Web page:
Skip to main content

Thousands to start one-to-one reading

'Life-changing' method to be used with less able children in urban areas, report Michael Shaw and Helen Ward.

Literacy experts are to give thousands of primary children one-to-one tuition as part of a range of initiatives to improve reading.

The Government will employ around 60 teachers who have trained in Reading Recovery techniques to work part-time in 20 urban areas with 4,000 children who are falling behind their classmates.

The Every Child A Reader scheme will cost more than pound;10 million, half of which will come from the Government and the rest from charitable trusts.

The scheme was described by one head whose school had used it as life-changing. Yvonne Daly, head of Flowery Field primary, Tameside, received pound;5,000 from her local council last year to help train Kath Viney, a Year 1 teacher, in Reading Recovery. Mrs Viney spent half her week tutoring four children, at a cost to the school of pound;11,000. Seven children benefited during the year because pupils are replaced as they catch up with their peers.

Mrs Viney said: "I was quite sceptical at first. But for some children it is undoubtedly a life-changing experience. It gives them the confidence to do things they see other children in their class being able to do. It is very intensive, it is costly, but it works."

Other reading-related initiatives announced this week by Ruth Kelly, Education Secretary, and Lord Adonis, education minister, included a pilot scheme where 200 primaries will test different approaches to phonics.

Early evidence from the phonics and the Reading Recovery pilots will be passed on to Jim Rose, a former Ofsted director of inspection, who will produce a report for ministers in January recommending changes to literacy teaching.

Ms Kelly also unveiled a pound;27m scheme where every baby and child will receive free books (see below). Lord Adonis said the initiatives were needed to narrow the gap between children from lower and higher income families.

The Association of Teachers and Lecturers welcomed the increased support for struggling readers. However, Mary Bousted, ATL general secretary, said:

"I would be interested to know why they have chosen reading recovery as it is very expensive and there are many other reading programmes."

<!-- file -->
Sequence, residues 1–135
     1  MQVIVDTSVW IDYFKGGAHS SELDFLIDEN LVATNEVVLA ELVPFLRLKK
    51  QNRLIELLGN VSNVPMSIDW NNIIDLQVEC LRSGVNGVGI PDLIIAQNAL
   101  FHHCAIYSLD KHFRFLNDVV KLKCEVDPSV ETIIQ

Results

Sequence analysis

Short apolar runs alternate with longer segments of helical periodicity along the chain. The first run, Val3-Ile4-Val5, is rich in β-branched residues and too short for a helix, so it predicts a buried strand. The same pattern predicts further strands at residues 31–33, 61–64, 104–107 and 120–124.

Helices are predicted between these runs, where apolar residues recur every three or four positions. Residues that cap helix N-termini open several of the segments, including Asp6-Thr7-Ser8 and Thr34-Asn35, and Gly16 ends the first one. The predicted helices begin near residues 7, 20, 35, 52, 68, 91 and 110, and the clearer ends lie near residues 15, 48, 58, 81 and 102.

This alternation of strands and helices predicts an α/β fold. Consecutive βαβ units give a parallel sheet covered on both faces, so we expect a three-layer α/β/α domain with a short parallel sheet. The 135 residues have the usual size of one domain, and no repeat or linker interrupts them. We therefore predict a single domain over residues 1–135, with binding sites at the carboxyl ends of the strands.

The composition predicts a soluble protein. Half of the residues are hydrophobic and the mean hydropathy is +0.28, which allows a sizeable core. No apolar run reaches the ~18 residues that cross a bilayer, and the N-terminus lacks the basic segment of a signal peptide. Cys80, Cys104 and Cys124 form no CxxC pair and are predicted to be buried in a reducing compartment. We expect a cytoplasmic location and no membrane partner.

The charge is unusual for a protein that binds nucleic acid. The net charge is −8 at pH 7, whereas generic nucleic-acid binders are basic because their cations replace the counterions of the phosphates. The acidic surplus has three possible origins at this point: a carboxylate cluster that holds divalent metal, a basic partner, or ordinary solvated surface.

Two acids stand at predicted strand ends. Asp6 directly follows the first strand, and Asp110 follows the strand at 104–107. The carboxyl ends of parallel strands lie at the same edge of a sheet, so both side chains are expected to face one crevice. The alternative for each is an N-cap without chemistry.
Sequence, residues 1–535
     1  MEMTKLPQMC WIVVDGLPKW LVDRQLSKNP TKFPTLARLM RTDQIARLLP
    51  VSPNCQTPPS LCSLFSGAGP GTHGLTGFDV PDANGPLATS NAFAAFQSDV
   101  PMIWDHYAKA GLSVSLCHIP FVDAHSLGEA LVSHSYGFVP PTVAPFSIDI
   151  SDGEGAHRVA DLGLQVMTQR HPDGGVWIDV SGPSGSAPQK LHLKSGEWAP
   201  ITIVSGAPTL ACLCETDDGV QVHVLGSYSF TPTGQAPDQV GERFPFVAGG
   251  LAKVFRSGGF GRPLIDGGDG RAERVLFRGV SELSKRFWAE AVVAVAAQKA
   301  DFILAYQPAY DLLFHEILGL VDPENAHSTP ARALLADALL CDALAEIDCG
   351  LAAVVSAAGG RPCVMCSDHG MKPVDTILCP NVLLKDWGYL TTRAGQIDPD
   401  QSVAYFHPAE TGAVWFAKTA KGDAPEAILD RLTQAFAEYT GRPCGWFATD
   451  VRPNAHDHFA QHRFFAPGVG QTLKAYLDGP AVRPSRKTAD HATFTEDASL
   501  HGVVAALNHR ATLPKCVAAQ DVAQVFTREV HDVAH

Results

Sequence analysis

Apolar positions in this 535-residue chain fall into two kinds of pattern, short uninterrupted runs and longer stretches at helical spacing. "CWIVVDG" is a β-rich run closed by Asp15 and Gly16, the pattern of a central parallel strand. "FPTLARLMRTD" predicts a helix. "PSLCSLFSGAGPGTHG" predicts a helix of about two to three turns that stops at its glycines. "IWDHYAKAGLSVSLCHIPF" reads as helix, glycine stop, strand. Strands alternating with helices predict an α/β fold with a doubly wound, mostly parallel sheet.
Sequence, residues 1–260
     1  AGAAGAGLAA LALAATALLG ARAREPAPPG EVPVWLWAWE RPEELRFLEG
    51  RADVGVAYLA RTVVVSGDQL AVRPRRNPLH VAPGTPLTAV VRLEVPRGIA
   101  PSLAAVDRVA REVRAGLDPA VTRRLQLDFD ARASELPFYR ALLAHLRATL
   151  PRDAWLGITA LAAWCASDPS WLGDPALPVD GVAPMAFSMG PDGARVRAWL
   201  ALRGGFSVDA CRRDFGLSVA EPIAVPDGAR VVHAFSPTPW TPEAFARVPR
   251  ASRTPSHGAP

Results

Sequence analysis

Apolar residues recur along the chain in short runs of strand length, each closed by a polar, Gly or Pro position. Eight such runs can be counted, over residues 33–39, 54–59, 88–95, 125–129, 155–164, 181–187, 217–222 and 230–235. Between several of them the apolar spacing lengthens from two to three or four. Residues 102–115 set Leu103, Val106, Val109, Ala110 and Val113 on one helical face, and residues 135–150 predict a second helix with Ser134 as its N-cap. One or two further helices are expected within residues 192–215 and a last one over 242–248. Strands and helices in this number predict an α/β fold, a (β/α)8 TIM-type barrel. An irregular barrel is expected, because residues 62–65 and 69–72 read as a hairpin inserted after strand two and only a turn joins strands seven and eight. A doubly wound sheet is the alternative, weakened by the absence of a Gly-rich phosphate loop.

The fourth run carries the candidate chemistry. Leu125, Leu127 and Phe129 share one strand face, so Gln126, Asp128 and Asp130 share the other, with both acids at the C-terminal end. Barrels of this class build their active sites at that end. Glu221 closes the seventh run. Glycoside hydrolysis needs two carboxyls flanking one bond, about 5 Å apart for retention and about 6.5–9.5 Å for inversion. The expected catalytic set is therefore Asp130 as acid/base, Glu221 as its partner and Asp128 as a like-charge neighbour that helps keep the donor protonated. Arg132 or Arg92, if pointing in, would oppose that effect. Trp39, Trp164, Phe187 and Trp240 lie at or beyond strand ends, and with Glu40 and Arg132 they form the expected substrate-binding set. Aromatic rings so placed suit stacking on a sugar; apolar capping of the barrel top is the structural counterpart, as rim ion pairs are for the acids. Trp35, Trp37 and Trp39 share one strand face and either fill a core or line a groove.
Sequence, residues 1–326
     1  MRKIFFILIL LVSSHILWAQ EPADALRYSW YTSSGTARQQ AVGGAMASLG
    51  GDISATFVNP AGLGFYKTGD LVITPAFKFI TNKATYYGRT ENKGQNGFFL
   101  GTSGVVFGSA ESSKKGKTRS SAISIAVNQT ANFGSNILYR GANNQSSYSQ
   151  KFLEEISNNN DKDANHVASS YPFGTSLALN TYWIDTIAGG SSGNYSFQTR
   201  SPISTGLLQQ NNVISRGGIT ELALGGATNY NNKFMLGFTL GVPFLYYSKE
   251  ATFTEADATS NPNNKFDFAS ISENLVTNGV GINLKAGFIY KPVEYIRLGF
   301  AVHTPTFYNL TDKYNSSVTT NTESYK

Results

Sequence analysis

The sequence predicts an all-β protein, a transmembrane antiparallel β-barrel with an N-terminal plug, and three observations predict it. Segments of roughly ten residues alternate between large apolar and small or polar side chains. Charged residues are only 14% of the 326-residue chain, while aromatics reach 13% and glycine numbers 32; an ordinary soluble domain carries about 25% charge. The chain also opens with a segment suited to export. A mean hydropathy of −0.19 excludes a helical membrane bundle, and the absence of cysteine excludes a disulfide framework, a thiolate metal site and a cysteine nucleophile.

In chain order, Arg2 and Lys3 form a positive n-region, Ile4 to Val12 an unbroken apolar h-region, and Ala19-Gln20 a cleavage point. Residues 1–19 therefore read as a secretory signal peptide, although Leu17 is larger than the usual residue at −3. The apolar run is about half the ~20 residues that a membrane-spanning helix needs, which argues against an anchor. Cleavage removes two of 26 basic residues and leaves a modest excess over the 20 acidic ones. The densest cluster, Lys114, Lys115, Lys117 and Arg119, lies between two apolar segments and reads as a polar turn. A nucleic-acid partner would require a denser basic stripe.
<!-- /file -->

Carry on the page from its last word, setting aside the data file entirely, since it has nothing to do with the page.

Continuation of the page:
Julia Douetil, national co-ordinator for the Reading Recovery Network, told Ms Kelly she had made a lot of teachers very happy by expanding the scheme.

She said the project would benefit more than the 4,000 pupils who are directly targeted, because primary teachers would learn techniques from the visiting staff.

But she was concerned that many children who lived outside the targeted areas would miss out on much-needed support.



* Schools and local authorities already use their budgets to pay for at least 5,000 six-year-olds to receive Reading Recovery.

* The courses' cost can vary from pound;1,000 to more than pound;2,500 per pupil

* Children receive intensive daily half-hour sessions which build on what they can already read.

* The Conservative government gave grants to Reading Recovery programmes in the early 1990s but discontinued funding in 1995.

* Reading Recovery programmes were first developed in New Zealand and last until pupils catch up with their classmates, usually 12 to 20 weeks.

* Around 70 per cent of pupils who have been on the programme in the UK reach level 4 or above in tests at 11.

* When The TES asked readers which policies they wanted politicians to promote, more than 100 primary teachers wrote in favour of Reading Recovery.

Log in or register for FREE to continue reading.

It only takes a moment and you'll get access to more news, plus courses, jobs and teaching resources tailored to you